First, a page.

WASHINGTON — The U.S. Environmental Protection Agency (EPA) announced it will provide a combined $1.2 million in funding to 32 state and local governments, tribes, and nonprofit organizations for indoor air quality projects. The funding will support recipients’ efforts to improve indoor air quality and protect the health of Americans. Education projects, training, and outreach efforts supported by the funding will help reduce the environmental health risks of indoor air contaminants such as radon and asthma triggers. From organizing and training speakers on how to educate parents of children with asthma, to providing technical assistance that will help school districts develop indoor air quality management plans, EPA representatives believe these projects will help protect children and families. An emphasis was placed on selecting projects that assist low-income and minority families that are disproportionately impacted by poor indoor air quality. “EPA is proud to be working with our awardees across the nation to improve the air we breathe at school, work and home,” said Gina McCarthy, assistant administrator for EPA’s Office of Air and Radiation. “American communities face serious health and environmental challenges from air pollution. This effort gives us an opportunity to improve indoor air quality by increasing awareness of environmental health risks.” Indoor air pollutants in homes, buildings, and schools can negatively impact the health of occupants. Some pollutants cause health problems such as sore eyes, burning in the nose and throat, headaches or fatigue. Others can cause allergies, respiratory illnesses (such as asthma) or even cancer (from radon gas).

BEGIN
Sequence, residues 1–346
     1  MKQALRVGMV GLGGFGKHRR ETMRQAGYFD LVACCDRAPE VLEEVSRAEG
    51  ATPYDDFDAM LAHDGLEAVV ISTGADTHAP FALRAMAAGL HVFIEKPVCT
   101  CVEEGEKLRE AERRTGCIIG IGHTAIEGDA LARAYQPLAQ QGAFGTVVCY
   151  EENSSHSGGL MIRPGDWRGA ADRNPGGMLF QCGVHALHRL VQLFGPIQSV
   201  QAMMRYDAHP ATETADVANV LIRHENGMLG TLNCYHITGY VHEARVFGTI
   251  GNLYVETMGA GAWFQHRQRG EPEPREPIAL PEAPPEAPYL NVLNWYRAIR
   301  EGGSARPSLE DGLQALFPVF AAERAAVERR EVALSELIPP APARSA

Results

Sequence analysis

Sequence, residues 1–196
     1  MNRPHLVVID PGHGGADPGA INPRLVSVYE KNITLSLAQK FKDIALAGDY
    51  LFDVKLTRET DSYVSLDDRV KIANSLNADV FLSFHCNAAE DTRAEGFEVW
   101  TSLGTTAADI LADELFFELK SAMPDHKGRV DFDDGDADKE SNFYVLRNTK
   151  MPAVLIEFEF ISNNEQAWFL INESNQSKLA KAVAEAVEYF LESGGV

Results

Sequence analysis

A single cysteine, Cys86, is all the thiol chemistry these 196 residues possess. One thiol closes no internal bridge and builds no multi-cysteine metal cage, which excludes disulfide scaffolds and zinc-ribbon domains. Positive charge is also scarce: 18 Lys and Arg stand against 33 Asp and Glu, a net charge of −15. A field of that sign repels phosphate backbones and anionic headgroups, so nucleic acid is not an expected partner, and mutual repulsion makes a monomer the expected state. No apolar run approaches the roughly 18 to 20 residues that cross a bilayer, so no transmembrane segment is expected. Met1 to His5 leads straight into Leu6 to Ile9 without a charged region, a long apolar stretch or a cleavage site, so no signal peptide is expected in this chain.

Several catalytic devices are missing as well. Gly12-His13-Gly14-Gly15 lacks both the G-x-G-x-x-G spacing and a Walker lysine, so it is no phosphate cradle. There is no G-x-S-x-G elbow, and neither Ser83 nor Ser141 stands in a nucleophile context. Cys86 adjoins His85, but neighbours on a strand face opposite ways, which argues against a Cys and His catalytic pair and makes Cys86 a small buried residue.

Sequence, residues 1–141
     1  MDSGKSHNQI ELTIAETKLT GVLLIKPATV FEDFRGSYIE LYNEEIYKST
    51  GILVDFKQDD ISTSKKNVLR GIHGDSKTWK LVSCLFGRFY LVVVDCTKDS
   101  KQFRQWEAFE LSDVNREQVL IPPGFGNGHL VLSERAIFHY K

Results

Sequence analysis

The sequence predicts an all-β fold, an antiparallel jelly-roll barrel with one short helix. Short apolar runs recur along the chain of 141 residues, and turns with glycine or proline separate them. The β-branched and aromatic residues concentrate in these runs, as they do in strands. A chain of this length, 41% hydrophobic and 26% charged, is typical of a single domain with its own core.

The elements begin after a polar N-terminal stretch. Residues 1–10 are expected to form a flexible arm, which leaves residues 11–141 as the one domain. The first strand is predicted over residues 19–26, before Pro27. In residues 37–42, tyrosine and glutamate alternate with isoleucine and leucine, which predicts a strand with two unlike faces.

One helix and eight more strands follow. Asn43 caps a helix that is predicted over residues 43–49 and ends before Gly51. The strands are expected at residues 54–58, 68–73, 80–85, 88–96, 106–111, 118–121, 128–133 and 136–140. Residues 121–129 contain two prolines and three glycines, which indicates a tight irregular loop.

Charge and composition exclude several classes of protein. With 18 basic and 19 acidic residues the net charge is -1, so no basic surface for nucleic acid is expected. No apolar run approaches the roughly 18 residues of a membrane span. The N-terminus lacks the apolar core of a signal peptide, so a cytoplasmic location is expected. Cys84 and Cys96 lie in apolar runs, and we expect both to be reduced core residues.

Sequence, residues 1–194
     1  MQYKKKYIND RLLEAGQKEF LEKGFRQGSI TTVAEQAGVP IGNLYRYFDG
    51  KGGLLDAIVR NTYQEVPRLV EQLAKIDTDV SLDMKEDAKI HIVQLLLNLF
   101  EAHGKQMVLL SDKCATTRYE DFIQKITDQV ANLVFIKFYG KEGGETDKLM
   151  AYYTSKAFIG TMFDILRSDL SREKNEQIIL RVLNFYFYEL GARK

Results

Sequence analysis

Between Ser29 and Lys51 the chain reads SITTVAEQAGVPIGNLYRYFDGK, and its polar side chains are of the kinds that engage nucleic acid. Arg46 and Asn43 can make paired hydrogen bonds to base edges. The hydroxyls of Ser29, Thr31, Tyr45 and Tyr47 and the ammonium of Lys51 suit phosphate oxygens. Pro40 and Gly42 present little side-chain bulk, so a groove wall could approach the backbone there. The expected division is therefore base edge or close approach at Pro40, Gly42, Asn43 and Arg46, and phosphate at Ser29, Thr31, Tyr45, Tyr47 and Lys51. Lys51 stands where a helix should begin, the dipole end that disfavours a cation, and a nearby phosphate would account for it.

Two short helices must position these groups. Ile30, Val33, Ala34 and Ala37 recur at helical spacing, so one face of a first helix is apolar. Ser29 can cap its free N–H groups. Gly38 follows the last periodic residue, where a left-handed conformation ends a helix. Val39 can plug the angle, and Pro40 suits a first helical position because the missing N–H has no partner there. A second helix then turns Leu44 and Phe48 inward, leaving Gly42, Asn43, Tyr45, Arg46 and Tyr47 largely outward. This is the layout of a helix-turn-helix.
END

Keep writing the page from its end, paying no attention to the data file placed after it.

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Publication date: 11/19/2012